Tax reform: Can Baucus and Hatch make senators eat their spinach?
The Finance Committee's Baucus and Hatch are telling their fellow senators that now's the time to address tax reform, and have set a deadline for colleagues to defend individual tax preferences.
After more than two-thirds of the Senate cheered the passage of an immigration bill last week, a bipartisan duo laid down an important milestone in an even heavier legislative lift: tax reform.Skip to next paragraph
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Sen. Max Baucus (D) of Montana and Sen. Orrin Hatch (R) of Utah came to the floor only a few minutes after passing the immigration reform bill – a top priority for leaders in both parties – to tell senators it was time, in essence, to eat their spinach.
The two men, the chairman and top Republican on the Senate Finance Committee, will build their overhaul of the nation’s tax code on what’s known as the “zero plan,” they said, meaning that all tax breaks in the corporate and personal income laws are, as of now, out – unless lawmakers make the case for them to be put back in.
“We have made tremendous progress and our now entering the home stretch,” said Senator Hatch. “We are here today to call on all of our colleagues to provide their input to help get tax reform over the finish line.”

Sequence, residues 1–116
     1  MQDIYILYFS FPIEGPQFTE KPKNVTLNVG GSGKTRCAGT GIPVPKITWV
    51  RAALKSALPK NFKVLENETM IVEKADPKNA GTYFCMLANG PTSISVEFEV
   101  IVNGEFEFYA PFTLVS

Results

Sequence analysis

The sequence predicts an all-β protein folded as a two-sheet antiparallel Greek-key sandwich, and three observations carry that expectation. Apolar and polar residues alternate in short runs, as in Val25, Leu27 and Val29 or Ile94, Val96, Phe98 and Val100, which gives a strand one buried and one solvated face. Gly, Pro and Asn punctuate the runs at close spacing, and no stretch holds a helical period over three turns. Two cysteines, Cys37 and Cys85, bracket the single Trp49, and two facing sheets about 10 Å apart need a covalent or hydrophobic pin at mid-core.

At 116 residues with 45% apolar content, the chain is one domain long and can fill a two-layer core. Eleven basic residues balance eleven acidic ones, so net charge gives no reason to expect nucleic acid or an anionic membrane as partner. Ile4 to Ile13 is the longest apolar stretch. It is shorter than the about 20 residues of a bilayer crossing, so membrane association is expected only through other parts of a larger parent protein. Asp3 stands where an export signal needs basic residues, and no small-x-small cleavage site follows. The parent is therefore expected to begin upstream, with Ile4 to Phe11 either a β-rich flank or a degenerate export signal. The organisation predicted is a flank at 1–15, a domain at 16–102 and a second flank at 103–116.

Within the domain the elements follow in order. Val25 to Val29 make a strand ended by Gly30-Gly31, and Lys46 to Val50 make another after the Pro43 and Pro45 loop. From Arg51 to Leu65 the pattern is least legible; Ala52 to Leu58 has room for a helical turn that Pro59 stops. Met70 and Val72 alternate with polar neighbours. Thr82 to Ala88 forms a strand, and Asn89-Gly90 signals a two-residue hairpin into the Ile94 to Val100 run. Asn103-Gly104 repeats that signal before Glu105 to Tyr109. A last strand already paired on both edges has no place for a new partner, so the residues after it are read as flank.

But to get to the finish line, senators are going to have to stick out their necks: If there’s a tax preference they’d like to defend, they have until July 26 to speak up.
“The senator’s ‘blank slate’ approach places the burden on those who are protecting specific preferences in the code and asks them to explain why they should have a lower tax rate than everyone else. The government should no longer pick winners and losers among industries, and it is our hope that this effort will result in a simplified and fairer tax code,” said Bill Hughes, a senior vice president at the Retail Industry Leader’s Association in a statement.
There are some preferences (like the earned income tax credit for the working poor, perhaps), Senator Baucus noted, that would likely be kept to make sure the code does not increase tax benefits for the rich at the expense of lower income Americans.
“The blank slate is, of course, not the end of the discussion – you don’t clear the decks and stop,” Baucus said. “Some of the provisions in the code serve very important objectives.”